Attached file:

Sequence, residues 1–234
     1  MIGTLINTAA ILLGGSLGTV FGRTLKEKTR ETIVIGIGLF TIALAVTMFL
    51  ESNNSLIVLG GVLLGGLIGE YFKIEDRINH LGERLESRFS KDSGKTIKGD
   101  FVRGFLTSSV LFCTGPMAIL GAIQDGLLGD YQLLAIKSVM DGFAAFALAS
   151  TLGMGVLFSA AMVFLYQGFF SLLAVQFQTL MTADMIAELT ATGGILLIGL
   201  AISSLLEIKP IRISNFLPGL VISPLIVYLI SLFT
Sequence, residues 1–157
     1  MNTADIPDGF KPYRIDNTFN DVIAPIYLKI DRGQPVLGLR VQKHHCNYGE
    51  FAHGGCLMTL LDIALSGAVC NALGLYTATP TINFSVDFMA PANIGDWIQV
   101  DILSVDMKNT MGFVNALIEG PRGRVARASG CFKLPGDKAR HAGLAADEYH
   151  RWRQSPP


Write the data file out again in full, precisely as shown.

Sequence, residues 1–234
     1  MIGTLINTAA ILLGGSLGTV FGRTLKEKTR ETIVIGIGLF TIALAVTMFL
    51  ESNNSLIVLG GVLLGGLIGE YFKIEDRINH LGERLESRFS KDSGKTIKGD
   101  FVRGFLTSSV LFCTGPMAIL GAIQDGLLGD YQLLAIKSVM DGFAAFALAS
   151  TLGMGVLFSA AMVFLYQGFF SLLAVQFQTL MTADMIAELT ATGGILLIGL
   201  AISSLLEIKP IRISNFLPGL VISPLIVYLI SLFT
Sequence, residues 1–157
     1  MNTADIPDGF KPYRIDNTFN DVIAPIYLKI DRGQPVLGLR VQKHHCNYGE
    51  FAHGGCLMTL LDIALSGAVC NALGLYTATP TINFSVDFMA PANIGDWIQV
   101  DILSVDMKNT MGFVNALIEG PRGRVARASG CFKLPGDKAR HAGLAADEYH
   151  RWRQSPP